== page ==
About six years ago the church I serve, Strong Tower Church, started throwing around the idea of going multisite. We felt our church, which had over 700 people showing up at that time, was probably reaching the max of what was possible in our small town of 2,200 people.
Multisite was something we knew lots of churches in big cities had already jumped into, but we had a harder time finding churches that had successfully done it in small towns. It wasn’t hard to figure out why. It comes at a significant cost, not just financially, although that’s definitely part of it. There are a lot of other costs that we weren’t necessarily prepared for as well.
But here we are 4 years and over a hundred baptisms later with a second campus that is on the verge of thriving.
So, what have we learned?
- It’s possible.
Yes it’s very difficult, but it is possible to make it work. It just takes time, money, people, and patience. If what you’re doing is currently working in your small town, then there’s a great chance it will work at the small town 20 minutes down the road from you.
- You Need a Strong Start.
When we started, we were able to send around 100 people from our original campus to the new campus. These people were already engaged with our church. They were giving and serving. We had every volunteer area covered from day one.
- You Need Money.
Not just to get started, but to keep you going. Depending on how you approach multisite ministry, it could be a significant upfront cost. It was for us because we wanted the new campus to be very similar to the original. We raised a significant amount of money through a capital campaign before we ever launched. This helped cover the upfront costs, and the budget shortages the first couple of years.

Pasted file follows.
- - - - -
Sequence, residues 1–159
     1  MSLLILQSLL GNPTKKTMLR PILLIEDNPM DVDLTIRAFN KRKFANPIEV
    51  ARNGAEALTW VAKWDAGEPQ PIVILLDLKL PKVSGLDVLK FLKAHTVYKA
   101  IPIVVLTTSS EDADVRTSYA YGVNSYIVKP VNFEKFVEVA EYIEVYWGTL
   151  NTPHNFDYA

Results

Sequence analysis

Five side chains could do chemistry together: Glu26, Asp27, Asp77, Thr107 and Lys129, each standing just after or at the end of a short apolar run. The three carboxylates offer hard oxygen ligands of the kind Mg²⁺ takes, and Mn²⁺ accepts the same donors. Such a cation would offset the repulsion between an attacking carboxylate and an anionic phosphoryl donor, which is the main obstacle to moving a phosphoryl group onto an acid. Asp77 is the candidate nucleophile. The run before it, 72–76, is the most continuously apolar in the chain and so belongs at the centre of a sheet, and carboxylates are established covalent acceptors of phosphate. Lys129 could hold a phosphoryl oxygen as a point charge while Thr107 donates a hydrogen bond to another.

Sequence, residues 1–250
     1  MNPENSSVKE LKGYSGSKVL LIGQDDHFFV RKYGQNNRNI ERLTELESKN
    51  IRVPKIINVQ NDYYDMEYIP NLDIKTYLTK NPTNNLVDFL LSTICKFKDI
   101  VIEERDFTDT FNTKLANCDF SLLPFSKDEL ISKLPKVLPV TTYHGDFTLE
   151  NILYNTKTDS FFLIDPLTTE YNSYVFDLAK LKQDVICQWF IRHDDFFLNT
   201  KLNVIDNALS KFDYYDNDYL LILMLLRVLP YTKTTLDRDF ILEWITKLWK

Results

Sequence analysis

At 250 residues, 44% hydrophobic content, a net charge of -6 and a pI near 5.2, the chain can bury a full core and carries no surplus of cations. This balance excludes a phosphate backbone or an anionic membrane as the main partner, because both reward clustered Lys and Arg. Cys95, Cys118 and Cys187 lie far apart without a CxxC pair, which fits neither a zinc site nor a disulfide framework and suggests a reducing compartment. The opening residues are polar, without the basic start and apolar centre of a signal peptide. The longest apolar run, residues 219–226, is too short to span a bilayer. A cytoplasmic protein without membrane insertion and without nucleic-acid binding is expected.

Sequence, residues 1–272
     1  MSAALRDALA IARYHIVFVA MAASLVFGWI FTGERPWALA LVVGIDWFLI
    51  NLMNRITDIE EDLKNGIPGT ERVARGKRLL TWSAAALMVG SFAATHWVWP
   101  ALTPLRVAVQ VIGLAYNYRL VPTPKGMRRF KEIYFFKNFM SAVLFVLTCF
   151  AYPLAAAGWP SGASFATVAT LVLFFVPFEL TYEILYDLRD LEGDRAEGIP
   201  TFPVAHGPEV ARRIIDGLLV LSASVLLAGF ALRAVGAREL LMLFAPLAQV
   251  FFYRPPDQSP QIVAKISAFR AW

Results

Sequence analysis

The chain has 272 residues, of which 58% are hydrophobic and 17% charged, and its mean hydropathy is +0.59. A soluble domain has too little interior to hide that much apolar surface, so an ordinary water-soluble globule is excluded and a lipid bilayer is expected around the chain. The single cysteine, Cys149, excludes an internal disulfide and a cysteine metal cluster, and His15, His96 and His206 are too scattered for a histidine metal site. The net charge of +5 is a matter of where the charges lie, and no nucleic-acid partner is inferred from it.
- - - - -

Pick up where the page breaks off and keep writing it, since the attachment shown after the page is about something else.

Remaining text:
- You Need Strong Leadership.
The campus pastor position will be key to your success or failure. It takes a special person who has the ability to motivate and inspire while also being able to handle all the administrative tasks that come along with the role. They’ll also need to be able to develop a team of leaders, who often aren’t getting paid because you don’t have the money.
So it’s possible, but I need to tell you what else we’ve learned.
- Not Everyone will be Excited About It.
I remember taking a big giver to lunch to ask him about giving to the campus, and his response was basically, “yeah, but what about my own community?” He didn’t care about reaching people in another town. And he wasn’t alone. It was much harder to raise money for a new campus than for an addition onto the original campus.
- Some People will Leave the Church.
This was a big surprise to us. We thought everyone would love the step we were taking as a church, but some got tired of us talking about it and left, a lot of people actually. And some who left to start the new campus, eventually left there as well.
- It’s really Difficult.
Two campuses mean you need twice the money, twice the volunteers, and you get twice the amount of stress. Decisions can be twice as hard. Who makes the decisions? Do both campuses have to do it the same way? Who’s in charge of who? It takes a lot of trust and teamwork to work through the difficulties.
I share these last three with you because I always want to be real with you. Since we launched our campus our attendance has gone from 700 to 700 in four years. Yep, we haven’t actually grown any. Those we’ve gained at the new campus, we’ve lost an equal amount at the original. I’m not sure why.
So, yes it’s possible to go multisite, and I’d love to see more small town churches do it. Just know, it’s not going to be easy, and your results may vary.
Have you considered going multisite? Why or why not? Leave an answer in the comments. If you’re thinking of taking the step into multisite and are looking for some advice or coaching, shoot me an email and I’d love to help.